ARCENCPostings

Tuesday, March 1, 2016

Museum objects transmit vivid stories - The West Australian


https://au.news.yahoo.com/thewest/entertainment/a/30982995/museum-objects-transmit-vivid-stories/
Lunula (‘little moon’ in Latin), 2400–2000 BCE, Mangerton, Kerry, Ireland, Gold. © Trustees of the British Museum

We continue our series in which we look at each of the works in A History of the World in 100 Objects. The exhibition from the British Museum runs at the WA Museum, Perth, until June 18.

'In week two, we look at objects 2 0-29. '

' : The First Cities (3000–700 BC)'

'20. Lunula (‘little moon’ in Latin), 2400–2000 BCE, Mangerton, Kerry, Ireland, Gold.'© Trustees of the British Museum

Over 80 gold lunulae have been found in Ireland. But how were they worn? What did they symbolise? They were probably worn as jewellery, and their skilled craftsmanship suggests they were prestige items. But there is no evidence of a complex social hierarchy or of developed cities, usually associated with the appearance of gold in prehistoric societies.

'21. Statue of Ramesses II, about 1280 BCE, Temple of Khnum, Elephantine, Egypt. Granite. © Trustees of the British Museum'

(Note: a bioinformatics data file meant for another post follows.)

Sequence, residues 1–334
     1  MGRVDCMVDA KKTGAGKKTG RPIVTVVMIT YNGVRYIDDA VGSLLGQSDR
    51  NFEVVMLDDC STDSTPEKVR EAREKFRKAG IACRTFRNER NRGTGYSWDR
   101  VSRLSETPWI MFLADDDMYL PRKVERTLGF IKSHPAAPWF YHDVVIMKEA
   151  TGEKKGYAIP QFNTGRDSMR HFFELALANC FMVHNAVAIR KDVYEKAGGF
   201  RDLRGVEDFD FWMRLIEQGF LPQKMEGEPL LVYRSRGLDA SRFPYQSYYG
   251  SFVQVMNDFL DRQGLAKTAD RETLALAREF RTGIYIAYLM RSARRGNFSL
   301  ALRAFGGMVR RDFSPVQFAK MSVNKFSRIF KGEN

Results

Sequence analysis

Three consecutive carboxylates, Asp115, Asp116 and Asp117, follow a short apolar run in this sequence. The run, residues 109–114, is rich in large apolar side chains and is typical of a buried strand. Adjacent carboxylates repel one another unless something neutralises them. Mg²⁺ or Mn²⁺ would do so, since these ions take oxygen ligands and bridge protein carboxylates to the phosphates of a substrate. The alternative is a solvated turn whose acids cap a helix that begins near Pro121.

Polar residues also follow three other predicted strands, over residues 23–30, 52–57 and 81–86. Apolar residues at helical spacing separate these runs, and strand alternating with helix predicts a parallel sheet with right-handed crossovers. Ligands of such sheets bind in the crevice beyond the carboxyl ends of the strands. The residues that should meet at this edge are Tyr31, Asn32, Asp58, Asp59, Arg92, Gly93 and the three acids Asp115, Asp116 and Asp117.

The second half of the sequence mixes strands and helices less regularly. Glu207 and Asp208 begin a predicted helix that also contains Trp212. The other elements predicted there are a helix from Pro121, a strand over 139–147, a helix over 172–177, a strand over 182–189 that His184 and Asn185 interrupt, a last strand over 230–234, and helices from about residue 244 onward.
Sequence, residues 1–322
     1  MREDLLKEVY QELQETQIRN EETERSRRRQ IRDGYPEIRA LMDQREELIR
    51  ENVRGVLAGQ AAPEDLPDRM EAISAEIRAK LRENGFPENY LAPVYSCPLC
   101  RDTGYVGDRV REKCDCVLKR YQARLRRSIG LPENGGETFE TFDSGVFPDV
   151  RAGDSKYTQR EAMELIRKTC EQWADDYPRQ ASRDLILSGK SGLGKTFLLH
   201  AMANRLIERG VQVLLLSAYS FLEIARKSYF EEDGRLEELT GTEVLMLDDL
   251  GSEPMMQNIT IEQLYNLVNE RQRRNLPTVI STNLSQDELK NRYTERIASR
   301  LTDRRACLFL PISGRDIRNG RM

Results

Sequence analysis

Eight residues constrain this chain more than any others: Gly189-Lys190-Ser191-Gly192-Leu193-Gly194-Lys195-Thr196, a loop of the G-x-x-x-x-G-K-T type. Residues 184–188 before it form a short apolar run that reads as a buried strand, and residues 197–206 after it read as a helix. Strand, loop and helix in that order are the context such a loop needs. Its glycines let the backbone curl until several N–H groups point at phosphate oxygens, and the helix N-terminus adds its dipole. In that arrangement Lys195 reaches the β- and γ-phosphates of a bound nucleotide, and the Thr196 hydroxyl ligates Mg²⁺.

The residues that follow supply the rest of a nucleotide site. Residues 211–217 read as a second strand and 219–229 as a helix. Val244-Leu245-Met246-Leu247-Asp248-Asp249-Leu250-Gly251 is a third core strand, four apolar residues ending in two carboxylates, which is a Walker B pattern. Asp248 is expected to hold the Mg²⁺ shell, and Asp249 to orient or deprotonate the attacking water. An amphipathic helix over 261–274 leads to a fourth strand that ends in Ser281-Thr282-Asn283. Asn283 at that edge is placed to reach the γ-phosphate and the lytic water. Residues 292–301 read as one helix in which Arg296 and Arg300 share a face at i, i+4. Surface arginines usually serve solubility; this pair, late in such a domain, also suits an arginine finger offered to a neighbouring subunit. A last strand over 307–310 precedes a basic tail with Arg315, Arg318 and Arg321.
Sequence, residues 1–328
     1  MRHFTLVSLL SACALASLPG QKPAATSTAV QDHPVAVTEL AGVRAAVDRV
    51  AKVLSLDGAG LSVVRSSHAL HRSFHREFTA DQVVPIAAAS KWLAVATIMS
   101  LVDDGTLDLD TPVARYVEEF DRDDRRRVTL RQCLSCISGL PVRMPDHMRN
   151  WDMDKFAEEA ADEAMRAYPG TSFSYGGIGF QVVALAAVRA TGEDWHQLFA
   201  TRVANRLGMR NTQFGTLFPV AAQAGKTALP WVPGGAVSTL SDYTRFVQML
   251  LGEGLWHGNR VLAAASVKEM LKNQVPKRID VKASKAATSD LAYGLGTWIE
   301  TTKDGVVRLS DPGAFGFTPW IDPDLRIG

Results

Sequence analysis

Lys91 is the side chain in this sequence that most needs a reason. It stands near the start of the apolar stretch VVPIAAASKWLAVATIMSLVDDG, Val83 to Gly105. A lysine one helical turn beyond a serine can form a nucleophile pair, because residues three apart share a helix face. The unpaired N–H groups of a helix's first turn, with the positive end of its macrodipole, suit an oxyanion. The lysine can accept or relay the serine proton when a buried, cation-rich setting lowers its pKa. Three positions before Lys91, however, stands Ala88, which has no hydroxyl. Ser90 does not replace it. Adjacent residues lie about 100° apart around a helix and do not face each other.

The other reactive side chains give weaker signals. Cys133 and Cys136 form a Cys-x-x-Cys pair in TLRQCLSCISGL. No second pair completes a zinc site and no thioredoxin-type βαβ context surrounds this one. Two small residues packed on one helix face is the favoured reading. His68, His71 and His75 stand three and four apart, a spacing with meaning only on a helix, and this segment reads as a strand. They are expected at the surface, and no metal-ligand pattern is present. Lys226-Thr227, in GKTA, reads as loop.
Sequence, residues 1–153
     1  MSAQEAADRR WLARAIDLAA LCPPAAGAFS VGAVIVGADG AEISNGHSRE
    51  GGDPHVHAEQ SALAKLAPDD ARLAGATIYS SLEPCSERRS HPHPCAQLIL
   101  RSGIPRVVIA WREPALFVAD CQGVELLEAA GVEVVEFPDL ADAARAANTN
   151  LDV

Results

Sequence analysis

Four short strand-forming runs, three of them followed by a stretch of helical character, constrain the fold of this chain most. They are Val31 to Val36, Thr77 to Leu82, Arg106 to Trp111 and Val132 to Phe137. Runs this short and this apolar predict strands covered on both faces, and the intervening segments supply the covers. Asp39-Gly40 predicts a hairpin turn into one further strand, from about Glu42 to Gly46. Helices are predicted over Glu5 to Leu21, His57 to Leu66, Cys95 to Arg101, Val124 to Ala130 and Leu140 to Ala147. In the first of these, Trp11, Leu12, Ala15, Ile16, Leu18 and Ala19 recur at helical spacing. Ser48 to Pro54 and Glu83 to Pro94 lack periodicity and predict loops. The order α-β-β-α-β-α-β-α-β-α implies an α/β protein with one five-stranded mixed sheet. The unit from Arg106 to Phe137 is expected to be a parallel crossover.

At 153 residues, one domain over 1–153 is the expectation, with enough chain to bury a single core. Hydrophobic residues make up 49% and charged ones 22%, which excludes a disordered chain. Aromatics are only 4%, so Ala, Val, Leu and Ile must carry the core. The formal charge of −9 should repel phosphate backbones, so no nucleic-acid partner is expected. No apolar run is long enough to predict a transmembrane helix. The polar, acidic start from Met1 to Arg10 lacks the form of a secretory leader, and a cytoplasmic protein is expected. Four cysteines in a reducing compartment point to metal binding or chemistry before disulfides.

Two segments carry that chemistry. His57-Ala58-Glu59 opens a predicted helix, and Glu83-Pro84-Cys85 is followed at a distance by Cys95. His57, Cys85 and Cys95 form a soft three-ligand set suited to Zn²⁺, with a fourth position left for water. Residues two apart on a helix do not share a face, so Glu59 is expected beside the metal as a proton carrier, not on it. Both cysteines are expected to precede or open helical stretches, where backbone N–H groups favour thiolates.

Ramesses II was one of Egypt’s most successful pharaohs, ruling from about 1279 BCE for 66 years and presiding over a golden age of prosperity and imperial power across the kingdom. He consolidated his reputation by erecting numerous statues of himself throughout a united Upper and Lower Egypt, and adding his name to statues of his predecessors.

' : Power and Philosophy 700 BCE – 100 CE'

'22. Gold Coin of Croesus, about 550 BCE, minted in Lydia (modern Turkey). © Trustees of the British Museum'

One of the earliest coins in the world, this was minted during the reign of King Croesus of Lydia (modern Turkey) or shortly afterwards. Before coinage, precious metals like gold and silver were traded by weight. The first coins followed this system since their value was in their weight.

'23. Assyrian Relief, gypsum, 700–695 BCE, Kouyunjik (Nineveh), Iraq. © Trustees of the British Museum'

This relief, one of many celebrating the military campaigns of the Assyrian king Sennacherib, decorated a royal building at his capital of Nineveh. It depicts two Assyrian army guardsmen, an Aramean archer and a spearman from the Levant. The Assyrians established a mighty empire, controlling land from Egypt to modern Iran, through the power of their army.

'24. Shabti of Taharqo, granite, c. 664 BCE, Sudan. © Trustees of the British Museum'

The ancient Kingdom of Kush, based in what is now mostly Sudan, ruled the joint kingdoms of Egypt and Kush from about 747 to 656 BCE (the 25th Dynasty). They adopted Egyptian traditions including the placement of shabtis in the tombs of important people to work for the deceased in the afterlife. This shabti is from the tomb of the Kushite King Taharqo in Nubia.

'25. Zoroastrian Figures, gold, 500–400 BCE, found near the Oxus River, on the border of Tajikistan and Afghanistan. © Trustees of the British Museum'